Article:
A chemical peel uses acids at stronger concentrations to treat the desired area of skin. They reduce the appearance of hyperpigmentation by removing the epidermis. Deeper versions may also penetrate the middle layer of your skin (dermis) to produce more dramatic results.

    Although many chemical peels are available OTC, you might consider getting a professional-grade peel at your dermatologist’s office. These are more powerful, and they yield quicker results.

    Due to their strength, in-office peels may also increase your risk for side effects. Talk to your dermatologist about your individual risks.

    Possible risks with both at-home and in-office chemical peels include redness, irritation, and blistering. When used improperly, blisters or scars may also develop.

    If you’re out in the sun on a regular basis, chemical peels may not be the best treatment option for you. Chemical peels cause your skin to be more sensitive to the sun’s rays. If you don’t adequately apply sunscreen and use other UV protection, the sun may worsen your hyperpigmentation. You’ll need to take extra precautions for at least one week after your last chemical peel.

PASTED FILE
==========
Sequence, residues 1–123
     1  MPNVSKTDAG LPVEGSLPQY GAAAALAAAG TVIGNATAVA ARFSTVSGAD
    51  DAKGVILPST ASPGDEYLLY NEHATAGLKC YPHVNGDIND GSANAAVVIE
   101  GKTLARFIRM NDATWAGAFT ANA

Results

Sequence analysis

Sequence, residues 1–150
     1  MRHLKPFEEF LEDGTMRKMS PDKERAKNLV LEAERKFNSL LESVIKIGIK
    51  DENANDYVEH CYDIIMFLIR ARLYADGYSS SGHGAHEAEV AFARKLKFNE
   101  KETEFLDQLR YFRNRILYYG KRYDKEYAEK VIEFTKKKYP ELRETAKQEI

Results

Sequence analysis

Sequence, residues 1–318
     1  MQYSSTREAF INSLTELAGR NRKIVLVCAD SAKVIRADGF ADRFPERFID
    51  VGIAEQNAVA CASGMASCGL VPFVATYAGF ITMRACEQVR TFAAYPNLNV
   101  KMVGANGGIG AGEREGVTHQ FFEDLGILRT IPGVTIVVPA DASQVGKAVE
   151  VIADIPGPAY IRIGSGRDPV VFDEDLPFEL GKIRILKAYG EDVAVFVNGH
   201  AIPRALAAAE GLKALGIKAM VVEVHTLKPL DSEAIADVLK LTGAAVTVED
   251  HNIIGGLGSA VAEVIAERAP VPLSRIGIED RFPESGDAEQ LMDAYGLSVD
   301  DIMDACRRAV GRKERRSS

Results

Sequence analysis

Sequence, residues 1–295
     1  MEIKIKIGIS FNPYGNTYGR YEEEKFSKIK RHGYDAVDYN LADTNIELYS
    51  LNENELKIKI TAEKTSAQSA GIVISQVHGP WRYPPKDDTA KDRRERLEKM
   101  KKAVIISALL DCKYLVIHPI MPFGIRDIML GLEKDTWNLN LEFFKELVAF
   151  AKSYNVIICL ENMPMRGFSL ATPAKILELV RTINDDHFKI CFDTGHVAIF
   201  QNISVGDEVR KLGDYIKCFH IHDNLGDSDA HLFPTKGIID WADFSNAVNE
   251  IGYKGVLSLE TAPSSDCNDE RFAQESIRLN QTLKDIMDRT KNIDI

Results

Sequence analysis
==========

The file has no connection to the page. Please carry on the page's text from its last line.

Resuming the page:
Who should try this?

    Chemical peels may work if you have:

    • Age spots
    • Sun damage
    • Melasma
    • Blotchy skin

    They also work best for fairer skin tones, and they may provide faster results than face acid products.

    1. Laser peel (skin resurfacing)

    A laser peel (resurfacing) treatment uses targeted beams of light to reduce hyperpigmentation.

    There are two types of lasers: ablative and non-ablative. Ablative lasers are the most intense, and they involve removing layers of your skin. Non-ablative procedures, on the other hand, target the dermis to promote collagen growth and tightening effects.

    Ablative lasers are stronger, but they may cause more side effects. Both destroy elements in your skin to ensure that new skin cells grow back tighter and more toned.

    Who should try this?

    There isn’t a one-size-fits-all approach to skin resurfacing. Ablative lasers may work better for people with fair skin. For some people, non-ablative versions may cause the skin to darken instead of lighten. Your dermatologist will work with you to assess your discoloration and overall skin tone to select the best option for your skin.